His mother had dismissed him and tried to sell him, but when she came home, she did something that was rare in Manson’s life: She hugged him. It seems like a small gesture, but to the love-starved boy, it meant a lot, so much so that, later in his life, Manson would look back on that hug and call it his “sole happy childhood memory.”

The joy didn’t last. By the time Manson was 13, his mother had started looking into geting him into foster care.

5 His Mother Sent Him Away And Wouldn’t Take Him Back

Kathleen knew she wasn’t fit to take care of a child, so she tried to get Charles into the care of the state. Foster care wasn’t available, but with some effort, she managed to get him into a reform school called The Gibault School for Boys.

Manson wasn’t happy. He made few friends and found the boys there untrustworthy. His only happy moments were the rare and sporadic visits by his mother, during which she would promise to take him home when she had enough money.

After ten months, Manson couldn’t take it anymore. He broke out of the school and made it all the way back to his mother’s home, knocking on the door and hoping to earn one more loving embrace. Instead, though, his mother told him she couldn’t handle him, closed the door on him, and sent him back. She never picked him up, and Manson never lived with her again.

4 He Started Robbing Stores When He Was 13

Charles Manson Age 13

Photo via the Daily Mail

Manson couldn’t handle living in Gibault, and he planned to get out. At age 13, he began a string of robberies targeting every store in the area, trying to save up enough money to rent a room of his own.

He was caught while stealing a bicycle and sent to a juvenile detention center, but he managed to break out within 24 hours and went right on robbing people. With the help of a classmate, he made his way through the city committing armed robberies before he was finally caught breaking into a grocery store.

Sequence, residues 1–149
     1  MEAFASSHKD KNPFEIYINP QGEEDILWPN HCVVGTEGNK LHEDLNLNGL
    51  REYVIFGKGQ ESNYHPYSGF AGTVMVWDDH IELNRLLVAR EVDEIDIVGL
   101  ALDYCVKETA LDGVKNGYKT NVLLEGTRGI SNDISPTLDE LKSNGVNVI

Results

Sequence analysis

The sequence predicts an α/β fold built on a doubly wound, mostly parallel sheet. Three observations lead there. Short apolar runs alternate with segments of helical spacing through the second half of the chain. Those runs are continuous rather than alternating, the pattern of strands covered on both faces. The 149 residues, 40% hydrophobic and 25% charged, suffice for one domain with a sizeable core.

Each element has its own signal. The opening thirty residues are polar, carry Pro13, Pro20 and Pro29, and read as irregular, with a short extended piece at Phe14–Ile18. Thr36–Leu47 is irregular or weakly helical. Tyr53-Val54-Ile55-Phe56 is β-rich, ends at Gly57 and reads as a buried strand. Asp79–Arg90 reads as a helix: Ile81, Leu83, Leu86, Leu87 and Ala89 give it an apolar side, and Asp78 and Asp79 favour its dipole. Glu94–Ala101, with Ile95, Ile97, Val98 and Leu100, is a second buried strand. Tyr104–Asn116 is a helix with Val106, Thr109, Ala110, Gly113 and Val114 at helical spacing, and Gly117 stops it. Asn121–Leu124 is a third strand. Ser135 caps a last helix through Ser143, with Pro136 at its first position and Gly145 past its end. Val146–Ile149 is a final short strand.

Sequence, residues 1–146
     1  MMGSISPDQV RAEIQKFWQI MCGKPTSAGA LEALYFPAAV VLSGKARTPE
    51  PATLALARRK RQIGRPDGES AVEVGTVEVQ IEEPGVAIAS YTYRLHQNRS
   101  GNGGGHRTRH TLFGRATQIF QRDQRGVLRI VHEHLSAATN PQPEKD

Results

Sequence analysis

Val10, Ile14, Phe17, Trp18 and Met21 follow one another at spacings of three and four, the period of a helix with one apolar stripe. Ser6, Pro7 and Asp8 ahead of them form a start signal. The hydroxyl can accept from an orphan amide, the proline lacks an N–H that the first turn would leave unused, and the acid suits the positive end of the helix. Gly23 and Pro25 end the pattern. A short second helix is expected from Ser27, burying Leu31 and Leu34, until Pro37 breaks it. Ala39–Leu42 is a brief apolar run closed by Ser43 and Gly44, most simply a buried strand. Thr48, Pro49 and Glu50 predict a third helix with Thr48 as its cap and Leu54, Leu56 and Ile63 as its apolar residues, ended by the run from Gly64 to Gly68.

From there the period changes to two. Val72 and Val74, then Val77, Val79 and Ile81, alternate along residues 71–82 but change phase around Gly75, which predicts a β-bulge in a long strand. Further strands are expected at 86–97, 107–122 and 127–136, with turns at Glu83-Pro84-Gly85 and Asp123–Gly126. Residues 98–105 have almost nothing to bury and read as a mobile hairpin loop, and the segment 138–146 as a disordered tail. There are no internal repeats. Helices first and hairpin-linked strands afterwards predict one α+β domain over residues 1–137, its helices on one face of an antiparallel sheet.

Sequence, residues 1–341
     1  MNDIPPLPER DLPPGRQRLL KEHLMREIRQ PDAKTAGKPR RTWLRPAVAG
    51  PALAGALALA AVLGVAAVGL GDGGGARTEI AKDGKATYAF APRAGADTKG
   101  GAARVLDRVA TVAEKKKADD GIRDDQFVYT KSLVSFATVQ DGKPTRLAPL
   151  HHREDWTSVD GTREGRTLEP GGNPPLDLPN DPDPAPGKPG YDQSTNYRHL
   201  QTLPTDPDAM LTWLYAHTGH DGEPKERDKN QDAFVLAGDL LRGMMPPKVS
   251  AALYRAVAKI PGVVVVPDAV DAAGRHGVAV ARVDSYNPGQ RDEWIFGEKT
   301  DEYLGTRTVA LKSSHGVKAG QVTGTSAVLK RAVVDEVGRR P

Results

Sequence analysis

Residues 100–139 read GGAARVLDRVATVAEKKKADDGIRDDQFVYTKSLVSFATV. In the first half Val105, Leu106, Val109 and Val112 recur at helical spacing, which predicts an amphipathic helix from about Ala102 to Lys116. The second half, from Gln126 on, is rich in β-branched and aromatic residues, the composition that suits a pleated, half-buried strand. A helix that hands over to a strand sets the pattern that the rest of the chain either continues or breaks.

Manson was arrested and earned his first criminal charge—but he got out of Gibault for good.

3 He Was Sexually Assaulted At A Boys’ School

After being arrested, Manson was sent to live at the Indiana Boys’ School. He hated being there so much that he broke out twice, only to be returned each time. Shortly after his escapes, the reason he wanted to get out became clear.

Manson publicly accused the school of sexual assault, claiming that he had been repeatedly and consistently beaten and raped over the three years that he spent there. His accusations have never been proven, but they definitely attracted attention.

A priest named Father Powers intervened and had Manson sent to better school called Father Flanagan’s Boys Town. This was meant to be Manson’s big chance, and papers reported on it with the headline “Dream Comes True for Lad.”

Manson, however, was already psychologically scarred and violent, and his behavior didn’t change. His wave of crimes continued, and he was soon kicked out of the school and sent back to institutions.

2 He Was Illiterate

Charles Manson Teenager

When he was 16, Manson was psychologically tested while in prison. The results were troubling. Although he had an IQ of 109, he could barely read or write a single word. He had spent four years of his life in boys’ schools, and he’d barely learned a thing.

The psychiatrist who diagnosed Manson blamed many if his problems on his strained relationship with his mother. He noted the amount of “rejection, instability and psychic trauma” that Manson had experienced and said that he was constantly struggling to impress the other boys because of his “lack of parental love.”

1 He Asked To Stay In Prison

Charles Manson Adult

Photo via ABC

Charles Manson’s childhood was sad, but that doesn’t mean he was a good person. Even as a boy, he committed strings of heinous crimes, including raping a boy with a razor held to his throat. By adulthood, he had already spent half his life in prison, and he was a clear danger and threat to society.

Even Charles Manson felt so. When his sentence in Terminal Prison ended in 1967, Manson had made peace with being a prisoner—and he didn’t want to leave. He begged to stay in jail, saying that he was incapable of living outside of prison walls.

His request was denied, and Manson was released despite his own protests. A short while afterward, he started his infamous Manson Family cult. Less than two years later, he was responsible for one of the most infamous mass murders in US history.

Mark Oliver

Mark Oliver is a regular contributor to Listverse. His writing also appears on a number of other sites, including The Onion's StarWipe and His website is regularly updated with everything he writes.

Read More: Personal Site